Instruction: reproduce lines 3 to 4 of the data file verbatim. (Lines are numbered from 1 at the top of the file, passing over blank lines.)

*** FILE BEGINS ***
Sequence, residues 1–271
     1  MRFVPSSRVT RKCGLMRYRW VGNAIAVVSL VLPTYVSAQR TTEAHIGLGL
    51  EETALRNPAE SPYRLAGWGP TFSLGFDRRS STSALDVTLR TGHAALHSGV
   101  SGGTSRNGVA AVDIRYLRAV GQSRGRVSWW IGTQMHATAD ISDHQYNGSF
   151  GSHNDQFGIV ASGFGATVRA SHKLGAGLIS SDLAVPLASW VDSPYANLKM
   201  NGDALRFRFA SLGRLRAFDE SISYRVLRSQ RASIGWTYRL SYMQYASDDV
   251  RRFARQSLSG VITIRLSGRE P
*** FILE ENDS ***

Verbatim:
    51  EETALRNPAE SPYRLAGWGP TFSLGFDRRS STSALDVTLR TGHAALHSGV
   101  SGGTSRNGVA AVDIRYLRAV GQSRGRVSWW IGTQMHATAD ISDHQYNGSF